It is time to call things what they are and quit trying to spin words and facts to confuse people or to further muddy the issue. It is our money that our government takes through taxes and it is our money that they spend to operate our nation. At the moment it is also the money that is being spent that our children, grandchildren, and great-grandchildren are going to be earning in the future.

Regardless of whether the politicians want to raise, lower, or keep taxes at the current level, at least don’t tell us that we have to pay for a tax cut.

Monday, August 30, 2010

Alaska and New Frontiers

I spent the past Weekend in Alaska and it was memorable for a number of reasons.

The next to last "conversation with Grange members" meeting was held in Palmer and eleven members were present. As normal, there were many questions and comments from the members as they participated in the meeting. The duties of the officers, state of the National Grange, and the update on our name protection efforts were all new information to many of the Alaska members. They were pleased to see how National Grange has worked to help them and keep them informed about issues that affect all Granges.

The sixth degree was then conferred that evening to eleven Alaska members following the Fifth Degree obligation ceremony. It was truly a positive and inspiring way to conclude the day's activities.

We had 17 individuals on the team from 9 different states. The team did an outstanding job, with all team members having memorized their parts and they appeared to have worked together for years rather than just having had one practice that afternoon.

Errol Briggs, Master of the team, presented a gavel to the Alaska State Grange as a remembrance to the event. John Porrier, State Master, accepted the gavel and spoke how it was the first piece of history that the State Grange owns. It will now travel through the state until it has visited each of the seven Granges.

Brother Lester Gibbs, Chaplain of the team, presented each new sixth degree member with a pin from the Vermont State Grange. Also I presented brother Porrier with a set of sixth degree manuals so that in the future the Alaska State Grange could properly open and confer the degree themselves.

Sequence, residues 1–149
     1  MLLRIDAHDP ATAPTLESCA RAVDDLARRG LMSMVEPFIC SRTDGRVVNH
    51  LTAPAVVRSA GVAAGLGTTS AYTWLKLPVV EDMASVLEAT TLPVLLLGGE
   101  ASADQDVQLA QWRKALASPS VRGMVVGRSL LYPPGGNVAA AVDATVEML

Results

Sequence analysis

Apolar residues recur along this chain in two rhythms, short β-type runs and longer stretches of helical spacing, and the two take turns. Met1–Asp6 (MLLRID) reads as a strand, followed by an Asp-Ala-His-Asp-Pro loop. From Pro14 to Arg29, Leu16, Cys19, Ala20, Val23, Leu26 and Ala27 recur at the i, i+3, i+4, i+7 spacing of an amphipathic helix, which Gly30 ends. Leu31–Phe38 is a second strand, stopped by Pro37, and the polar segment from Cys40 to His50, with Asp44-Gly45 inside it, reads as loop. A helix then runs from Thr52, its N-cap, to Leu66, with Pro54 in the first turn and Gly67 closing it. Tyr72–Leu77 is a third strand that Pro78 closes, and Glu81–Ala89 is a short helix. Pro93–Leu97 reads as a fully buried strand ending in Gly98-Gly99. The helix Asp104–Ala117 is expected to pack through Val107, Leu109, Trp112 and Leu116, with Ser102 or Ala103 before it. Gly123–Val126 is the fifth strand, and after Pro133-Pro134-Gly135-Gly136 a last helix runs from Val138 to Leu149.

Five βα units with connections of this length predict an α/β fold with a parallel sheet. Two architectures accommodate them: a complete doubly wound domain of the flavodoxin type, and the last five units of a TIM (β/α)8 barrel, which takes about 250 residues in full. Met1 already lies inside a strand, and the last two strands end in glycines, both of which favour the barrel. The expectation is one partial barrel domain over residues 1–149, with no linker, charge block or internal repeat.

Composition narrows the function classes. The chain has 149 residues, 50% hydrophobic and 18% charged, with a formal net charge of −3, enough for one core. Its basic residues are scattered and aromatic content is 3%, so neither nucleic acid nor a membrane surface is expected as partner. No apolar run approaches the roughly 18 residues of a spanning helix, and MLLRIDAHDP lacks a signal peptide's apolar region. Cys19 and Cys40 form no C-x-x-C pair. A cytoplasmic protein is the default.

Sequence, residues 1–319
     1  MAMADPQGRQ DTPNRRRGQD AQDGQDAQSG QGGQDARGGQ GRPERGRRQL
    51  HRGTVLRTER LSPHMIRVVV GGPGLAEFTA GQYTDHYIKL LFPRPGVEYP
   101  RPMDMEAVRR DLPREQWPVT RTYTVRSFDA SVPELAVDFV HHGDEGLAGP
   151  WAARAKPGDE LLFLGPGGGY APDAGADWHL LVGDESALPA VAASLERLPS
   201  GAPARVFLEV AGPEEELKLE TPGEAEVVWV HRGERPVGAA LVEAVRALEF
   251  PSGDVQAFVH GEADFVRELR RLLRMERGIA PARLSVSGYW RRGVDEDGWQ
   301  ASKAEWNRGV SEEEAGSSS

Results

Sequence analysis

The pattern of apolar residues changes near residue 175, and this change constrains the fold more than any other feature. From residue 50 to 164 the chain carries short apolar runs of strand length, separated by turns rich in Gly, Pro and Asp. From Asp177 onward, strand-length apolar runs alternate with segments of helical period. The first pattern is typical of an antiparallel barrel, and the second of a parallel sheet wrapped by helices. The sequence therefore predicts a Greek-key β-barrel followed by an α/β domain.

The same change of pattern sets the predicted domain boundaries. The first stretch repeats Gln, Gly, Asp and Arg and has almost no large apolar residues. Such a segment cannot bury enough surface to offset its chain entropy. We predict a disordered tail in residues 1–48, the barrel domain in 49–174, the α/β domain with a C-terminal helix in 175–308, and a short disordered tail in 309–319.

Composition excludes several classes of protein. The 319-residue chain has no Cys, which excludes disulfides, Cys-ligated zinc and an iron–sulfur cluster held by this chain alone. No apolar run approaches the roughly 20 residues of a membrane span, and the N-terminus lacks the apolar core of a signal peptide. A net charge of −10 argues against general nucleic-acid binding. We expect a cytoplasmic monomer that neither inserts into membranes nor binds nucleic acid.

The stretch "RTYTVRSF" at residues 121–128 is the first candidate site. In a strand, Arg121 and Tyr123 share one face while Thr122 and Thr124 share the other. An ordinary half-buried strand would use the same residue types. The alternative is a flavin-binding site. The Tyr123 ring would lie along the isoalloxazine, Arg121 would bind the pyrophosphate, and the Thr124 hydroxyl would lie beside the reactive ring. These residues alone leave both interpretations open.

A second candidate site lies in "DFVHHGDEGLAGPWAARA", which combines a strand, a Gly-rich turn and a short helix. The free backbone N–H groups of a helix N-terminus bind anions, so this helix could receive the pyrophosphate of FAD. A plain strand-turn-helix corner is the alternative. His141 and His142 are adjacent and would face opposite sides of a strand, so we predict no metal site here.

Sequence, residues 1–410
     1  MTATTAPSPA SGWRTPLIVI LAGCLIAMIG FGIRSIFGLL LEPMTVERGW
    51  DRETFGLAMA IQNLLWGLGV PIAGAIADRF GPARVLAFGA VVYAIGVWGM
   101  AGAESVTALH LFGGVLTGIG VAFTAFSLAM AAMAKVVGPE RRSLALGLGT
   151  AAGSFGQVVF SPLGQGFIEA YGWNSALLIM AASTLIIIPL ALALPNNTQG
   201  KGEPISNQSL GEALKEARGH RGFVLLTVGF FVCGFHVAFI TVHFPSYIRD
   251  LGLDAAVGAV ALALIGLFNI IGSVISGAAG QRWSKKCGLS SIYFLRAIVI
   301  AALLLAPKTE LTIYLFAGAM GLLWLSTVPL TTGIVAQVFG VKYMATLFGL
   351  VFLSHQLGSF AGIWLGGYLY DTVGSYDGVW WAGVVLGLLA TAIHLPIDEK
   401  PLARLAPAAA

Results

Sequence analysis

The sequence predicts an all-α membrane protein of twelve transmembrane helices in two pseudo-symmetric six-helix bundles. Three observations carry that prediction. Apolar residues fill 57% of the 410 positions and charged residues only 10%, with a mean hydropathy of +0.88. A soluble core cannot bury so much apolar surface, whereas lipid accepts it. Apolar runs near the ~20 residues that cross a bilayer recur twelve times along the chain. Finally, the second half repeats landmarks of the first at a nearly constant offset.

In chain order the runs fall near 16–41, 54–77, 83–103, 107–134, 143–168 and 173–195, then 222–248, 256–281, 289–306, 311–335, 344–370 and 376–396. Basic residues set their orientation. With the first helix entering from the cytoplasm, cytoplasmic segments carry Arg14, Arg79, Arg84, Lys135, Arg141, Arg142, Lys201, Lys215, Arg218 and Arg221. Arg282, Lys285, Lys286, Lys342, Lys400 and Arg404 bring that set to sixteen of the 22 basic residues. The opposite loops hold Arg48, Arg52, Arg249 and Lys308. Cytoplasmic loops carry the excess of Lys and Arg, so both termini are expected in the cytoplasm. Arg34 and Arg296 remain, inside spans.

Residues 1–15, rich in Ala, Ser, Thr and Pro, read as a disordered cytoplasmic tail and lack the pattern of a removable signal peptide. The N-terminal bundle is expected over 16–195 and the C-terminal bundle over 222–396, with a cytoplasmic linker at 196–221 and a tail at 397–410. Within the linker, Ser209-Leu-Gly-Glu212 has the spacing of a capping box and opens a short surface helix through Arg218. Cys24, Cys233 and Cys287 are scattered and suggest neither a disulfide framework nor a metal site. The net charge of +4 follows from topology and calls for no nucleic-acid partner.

I am so proud of the fact that our members chose to come to Alaska to be a part of this first ever conferral. The team consisted of M-Errol Briggs, VT; O-Bob White, OH; L-Celia Luttrell, OR; S-Don Johnson, ID; AS-Mark Noah, OR; LAS-Susan Noah, OR; Ch-Lester Gibbs, VT; T-Gaye Hunt, AK; Sec-Mary Reinke, WI; GK-Norm Keller, IL; C-Joan While, OH; P-Betsy Huber, PA; F-Henrietta Keller, IL; Executive Committee-Alan Arner, WI; Barbara Chambers, VT; Clara Scott, MT; and Pianist-Mary Johnson, ID. If you want to get a detailed report as one of these members for their opinion of the day's activities.

Alaska is still viewed by some as a frontier and as far as our organization goes they will not be the last frontier. We are working to start Granges in Missouri, Nevada, and Arkansas at this time. Each new Grange, both Community and State, creates a new frontier for our members. New projects, new activities, and most importantly, new members are created with each new Grange.

The benefit of a new frontier is that they bring new energy and ideas into the existing Granges many of which are over a hundred years old. This blend of new and old invigorates our organization and ensures our continued growth.

I hope your memories of this past weekend are as good as those who went to Alaska and experienced a new frontier.

Tuesday, August 24, 2010